Analyzing Du Bois' Souls Of Black Folk Essay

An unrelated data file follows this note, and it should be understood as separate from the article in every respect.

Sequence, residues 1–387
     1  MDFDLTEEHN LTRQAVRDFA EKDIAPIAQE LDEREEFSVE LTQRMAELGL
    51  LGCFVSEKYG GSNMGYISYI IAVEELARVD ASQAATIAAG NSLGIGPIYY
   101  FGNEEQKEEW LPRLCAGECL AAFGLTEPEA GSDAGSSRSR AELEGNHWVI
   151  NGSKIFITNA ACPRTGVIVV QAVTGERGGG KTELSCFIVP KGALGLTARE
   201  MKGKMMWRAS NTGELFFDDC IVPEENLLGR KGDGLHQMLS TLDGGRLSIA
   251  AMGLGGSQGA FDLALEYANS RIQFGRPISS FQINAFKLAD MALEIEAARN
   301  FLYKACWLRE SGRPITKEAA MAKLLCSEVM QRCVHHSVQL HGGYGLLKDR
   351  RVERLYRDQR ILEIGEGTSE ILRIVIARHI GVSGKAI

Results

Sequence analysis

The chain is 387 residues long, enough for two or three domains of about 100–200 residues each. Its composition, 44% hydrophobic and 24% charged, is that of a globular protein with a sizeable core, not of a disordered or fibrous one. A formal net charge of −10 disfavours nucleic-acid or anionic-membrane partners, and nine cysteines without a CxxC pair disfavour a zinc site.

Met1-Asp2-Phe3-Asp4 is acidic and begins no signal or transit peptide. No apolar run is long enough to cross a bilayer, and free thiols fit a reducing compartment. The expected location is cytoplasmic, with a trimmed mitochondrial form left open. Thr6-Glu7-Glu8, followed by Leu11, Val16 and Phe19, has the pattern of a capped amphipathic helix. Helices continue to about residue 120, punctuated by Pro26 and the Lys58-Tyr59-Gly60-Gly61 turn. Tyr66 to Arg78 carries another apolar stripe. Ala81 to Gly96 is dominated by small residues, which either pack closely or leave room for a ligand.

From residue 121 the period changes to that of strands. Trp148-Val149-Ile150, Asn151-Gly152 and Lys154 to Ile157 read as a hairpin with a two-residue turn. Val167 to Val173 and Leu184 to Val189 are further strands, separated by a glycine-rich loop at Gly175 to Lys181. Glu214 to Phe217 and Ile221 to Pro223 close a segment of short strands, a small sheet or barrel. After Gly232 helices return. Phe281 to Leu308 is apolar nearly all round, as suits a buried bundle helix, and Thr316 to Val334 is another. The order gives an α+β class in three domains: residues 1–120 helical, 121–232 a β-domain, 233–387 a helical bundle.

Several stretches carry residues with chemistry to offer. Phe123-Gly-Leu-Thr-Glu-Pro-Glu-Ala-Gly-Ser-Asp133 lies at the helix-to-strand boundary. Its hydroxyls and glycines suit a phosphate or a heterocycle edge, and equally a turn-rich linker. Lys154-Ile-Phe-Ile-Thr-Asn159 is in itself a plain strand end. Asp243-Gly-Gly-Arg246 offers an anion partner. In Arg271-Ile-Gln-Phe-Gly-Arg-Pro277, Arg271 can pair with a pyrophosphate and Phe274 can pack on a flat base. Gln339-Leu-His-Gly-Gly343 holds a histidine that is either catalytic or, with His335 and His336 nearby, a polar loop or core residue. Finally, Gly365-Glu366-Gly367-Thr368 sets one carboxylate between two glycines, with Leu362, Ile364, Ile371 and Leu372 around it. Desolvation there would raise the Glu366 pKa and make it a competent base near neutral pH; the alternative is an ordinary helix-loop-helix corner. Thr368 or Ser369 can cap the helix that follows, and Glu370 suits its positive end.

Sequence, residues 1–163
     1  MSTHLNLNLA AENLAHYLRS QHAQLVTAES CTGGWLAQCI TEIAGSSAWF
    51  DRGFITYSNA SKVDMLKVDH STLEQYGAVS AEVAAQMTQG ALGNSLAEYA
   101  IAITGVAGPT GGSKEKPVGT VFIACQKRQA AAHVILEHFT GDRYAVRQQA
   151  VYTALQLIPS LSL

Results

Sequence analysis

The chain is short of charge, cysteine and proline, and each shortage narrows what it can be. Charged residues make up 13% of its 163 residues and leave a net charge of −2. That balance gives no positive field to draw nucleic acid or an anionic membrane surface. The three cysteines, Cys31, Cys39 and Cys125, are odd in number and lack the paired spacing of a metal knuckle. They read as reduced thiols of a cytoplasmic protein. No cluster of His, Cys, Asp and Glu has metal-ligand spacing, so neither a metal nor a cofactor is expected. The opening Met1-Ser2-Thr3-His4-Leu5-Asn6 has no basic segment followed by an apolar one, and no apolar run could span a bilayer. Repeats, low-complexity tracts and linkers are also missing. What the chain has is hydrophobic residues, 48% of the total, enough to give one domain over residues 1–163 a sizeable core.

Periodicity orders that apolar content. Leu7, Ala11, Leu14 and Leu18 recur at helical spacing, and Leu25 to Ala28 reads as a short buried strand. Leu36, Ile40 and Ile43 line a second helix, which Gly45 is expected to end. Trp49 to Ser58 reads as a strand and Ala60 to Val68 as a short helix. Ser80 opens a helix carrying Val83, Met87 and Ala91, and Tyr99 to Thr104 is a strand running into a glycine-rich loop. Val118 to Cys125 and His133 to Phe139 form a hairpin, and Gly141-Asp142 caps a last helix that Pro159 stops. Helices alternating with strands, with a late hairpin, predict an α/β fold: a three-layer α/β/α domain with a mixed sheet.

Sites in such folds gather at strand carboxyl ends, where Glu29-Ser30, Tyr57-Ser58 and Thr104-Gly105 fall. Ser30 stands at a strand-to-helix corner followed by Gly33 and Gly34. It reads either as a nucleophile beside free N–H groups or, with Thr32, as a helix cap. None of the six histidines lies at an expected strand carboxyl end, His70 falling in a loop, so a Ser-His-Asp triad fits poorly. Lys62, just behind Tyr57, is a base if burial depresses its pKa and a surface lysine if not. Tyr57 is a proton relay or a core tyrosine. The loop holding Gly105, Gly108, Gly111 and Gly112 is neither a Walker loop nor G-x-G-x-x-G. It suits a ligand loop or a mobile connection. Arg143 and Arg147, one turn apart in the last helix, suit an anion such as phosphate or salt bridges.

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Analyzing Du Bois' Souls of Black Folk Du Bois begins his work by unequivocably stating his objective; his goal is to represent what it is like to be black in America at the beginning of the twentieth century because he is convinced that race is the central problem of the century to come. He states this in his forethought and follows with a loose thematic grouping of the essays to follow. The first three chapters in The Souls of Black Folk address historical and political issues. He begins ‘‘Of Our Spiritual Strivings’’ with a provocative question underlying all other questions posed to him: ‘‘How does it feel to be a problem?’’ The essay addresses this fundamental question in a discussion of the contradictions inherent in the process of ‘‘striving.” Here Du Bois discusses efforts made toward winning the ballot and literacy and outlines the topics to follow in what amounts to an extended prologue. ‘‘Of the Dawn of Freedom'' is a straightforward history of the ways the U.S. government attempted to deal with the ‘‘problem” of African Americans just before, during, and after the Civil War over the years 1861 through 1872. The essay amounts to an even-handed analysis of the policies of the Freedmen's Bureau, including both strengths and... A collection of fourteen prose pieces by W. E. B.Du Bois, The Souls of Black Folk had a powerful impact on African American intellectual life when it appeared in 1903. Thirty years later, James Weldon Johnson declared that it “had a greater effect upon and within the Negro race in America” than any book since Harriet Beecher Stowe's epochal Uncle Tom's Cabin (1852). The collection included nine pieces previously published in some form in magazines, notably the prestigious Atlantic Monthly. Five new pieces rounded out this racial portrait, which reflects the remarkable breadth of Du Bois's interests, training, and temperament.

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